It’s worth noting that an organisation taking the above seriously won’t be able to move to this highly desirable state overnight: Once the scoring, ranking, rating and rewarding has been stripped out, it will take a bit of time for managers to establish the trust of their employees.

On the plus side, the vast majority of managers will relish the removal of the hugely wasteful processes and painful conversations of the old way…and will really enjoy spending the newly created time actually helping their team.

What about the advice from all those expensive consultants?

You will find queues of expensive consultants who will tell you otherwise.

Scholtes notes that most ‘research’ on performance appraisals consists of opinion polls asking “which kind of performance appraisal do you prefer?” They are usually:

  • conducted by consulting companies selling their ‘Human Capital’ services;
  • filled out by HR managers who, as a group, are predisposed in favour of performance appraisal…no disrespect meant but it is, after all, a major part of their (current) job; and then
  • sent back out to the same group of HR managers in glossy consultancy report format along with a nicely worded proposal as to how the consultancy can help implement what they now claim to be ‘best practise’ and move them up some supposed ‘maturity curve’!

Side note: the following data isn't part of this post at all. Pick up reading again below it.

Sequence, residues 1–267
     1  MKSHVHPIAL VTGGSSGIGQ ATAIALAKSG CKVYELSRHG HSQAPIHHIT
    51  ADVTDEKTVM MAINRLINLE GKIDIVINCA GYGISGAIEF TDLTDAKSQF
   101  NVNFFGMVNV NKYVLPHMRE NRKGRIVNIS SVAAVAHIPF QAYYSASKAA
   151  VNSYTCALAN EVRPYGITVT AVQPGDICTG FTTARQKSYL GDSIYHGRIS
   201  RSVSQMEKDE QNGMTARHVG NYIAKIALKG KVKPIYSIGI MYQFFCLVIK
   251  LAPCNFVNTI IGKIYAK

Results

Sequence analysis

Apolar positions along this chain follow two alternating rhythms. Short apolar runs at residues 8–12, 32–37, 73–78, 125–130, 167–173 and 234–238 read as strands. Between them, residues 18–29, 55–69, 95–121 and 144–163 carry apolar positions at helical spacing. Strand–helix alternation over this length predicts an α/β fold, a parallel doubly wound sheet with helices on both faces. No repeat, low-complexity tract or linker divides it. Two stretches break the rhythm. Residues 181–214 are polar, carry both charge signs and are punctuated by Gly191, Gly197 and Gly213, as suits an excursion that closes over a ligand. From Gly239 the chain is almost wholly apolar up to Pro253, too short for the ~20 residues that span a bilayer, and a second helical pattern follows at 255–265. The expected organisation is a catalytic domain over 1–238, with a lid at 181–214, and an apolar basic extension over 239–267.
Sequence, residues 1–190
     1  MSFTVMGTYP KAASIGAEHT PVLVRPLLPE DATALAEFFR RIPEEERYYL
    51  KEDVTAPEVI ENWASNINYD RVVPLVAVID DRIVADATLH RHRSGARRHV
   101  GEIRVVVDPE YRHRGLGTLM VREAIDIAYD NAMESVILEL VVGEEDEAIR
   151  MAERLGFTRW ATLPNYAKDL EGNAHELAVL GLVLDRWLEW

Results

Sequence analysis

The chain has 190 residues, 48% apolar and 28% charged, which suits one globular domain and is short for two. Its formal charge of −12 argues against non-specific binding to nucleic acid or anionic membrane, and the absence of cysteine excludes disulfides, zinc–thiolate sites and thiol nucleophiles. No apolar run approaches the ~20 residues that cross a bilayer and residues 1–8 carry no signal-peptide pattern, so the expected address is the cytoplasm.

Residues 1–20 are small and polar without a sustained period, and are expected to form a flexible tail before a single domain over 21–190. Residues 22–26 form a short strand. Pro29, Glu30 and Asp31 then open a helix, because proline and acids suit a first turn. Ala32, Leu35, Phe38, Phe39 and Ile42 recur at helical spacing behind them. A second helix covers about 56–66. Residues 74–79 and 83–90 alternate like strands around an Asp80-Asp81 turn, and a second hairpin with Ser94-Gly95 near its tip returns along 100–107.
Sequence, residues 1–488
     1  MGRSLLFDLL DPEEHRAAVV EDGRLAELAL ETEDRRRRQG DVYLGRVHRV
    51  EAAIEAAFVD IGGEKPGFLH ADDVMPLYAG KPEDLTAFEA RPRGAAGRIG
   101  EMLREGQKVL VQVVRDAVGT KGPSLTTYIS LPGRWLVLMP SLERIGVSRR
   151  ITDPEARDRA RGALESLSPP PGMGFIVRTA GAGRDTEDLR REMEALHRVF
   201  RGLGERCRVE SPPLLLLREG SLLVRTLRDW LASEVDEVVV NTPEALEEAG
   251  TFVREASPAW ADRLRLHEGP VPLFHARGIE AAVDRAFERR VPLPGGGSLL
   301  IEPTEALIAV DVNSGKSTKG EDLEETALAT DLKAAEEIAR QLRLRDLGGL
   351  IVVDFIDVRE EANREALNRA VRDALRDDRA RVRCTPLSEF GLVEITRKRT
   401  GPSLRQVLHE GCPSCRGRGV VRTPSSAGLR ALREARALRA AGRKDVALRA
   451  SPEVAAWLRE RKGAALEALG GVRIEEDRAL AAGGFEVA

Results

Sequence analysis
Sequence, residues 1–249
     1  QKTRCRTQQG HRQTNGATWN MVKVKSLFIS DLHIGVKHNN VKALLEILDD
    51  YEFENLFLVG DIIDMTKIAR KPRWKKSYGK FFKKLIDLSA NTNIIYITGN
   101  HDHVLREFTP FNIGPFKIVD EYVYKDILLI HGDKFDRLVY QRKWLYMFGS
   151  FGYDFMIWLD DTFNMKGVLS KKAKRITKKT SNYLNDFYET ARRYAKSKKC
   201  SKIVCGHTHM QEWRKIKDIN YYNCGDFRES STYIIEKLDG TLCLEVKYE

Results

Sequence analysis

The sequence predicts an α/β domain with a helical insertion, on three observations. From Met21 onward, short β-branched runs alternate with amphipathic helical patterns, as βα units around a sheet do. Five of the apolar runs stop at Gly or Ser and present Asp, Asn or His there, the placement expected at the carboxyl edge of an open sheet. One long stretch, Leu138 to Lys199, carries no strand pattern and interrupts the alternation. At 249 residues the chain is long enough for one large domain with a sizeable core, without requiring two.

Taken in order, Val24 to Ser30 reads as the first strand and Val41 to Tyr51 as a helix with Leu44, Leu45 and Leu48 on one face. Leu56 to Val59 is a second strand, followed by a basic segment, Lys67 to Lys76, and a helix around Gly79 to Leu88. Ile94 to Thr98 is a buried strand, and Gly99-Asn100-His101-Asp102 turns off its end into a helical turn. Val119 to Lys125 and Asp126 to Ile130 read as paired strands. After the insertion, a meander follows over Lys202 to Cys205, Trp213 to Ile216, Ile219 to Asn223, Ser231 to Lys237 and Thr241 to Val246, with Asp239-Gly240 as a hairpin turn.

Scholtes notes “when biased people ask the opinions of biased people, the results cannot be described as research.” This quote is so relevant to many a ‘big consultancy’ report purporting to be ‘research’.

…and finally: what do the Japanese do?

A really nice story from John Seddon:

“I was asked to write an article exposing the problems with performance appraisals for a Sunday newspaper. I submitted my 1st draft.

  • The editor suggested I should provide balance by talking about what to do instead.
  • My response was that you don’t need to find an alternative to doing a bad thing – you should just stop doing it!
  • The editor said ‘ring your friends in Japan and find out what they do’.
  • …so I did.
  • I asked ‘what do you do about performance appraisal?’
  • The reply was ‘what is that?’
  • …I explained.
  • Japanese people tend to be too polite to laugh.”

2 thoughts on “An Exercise in Futility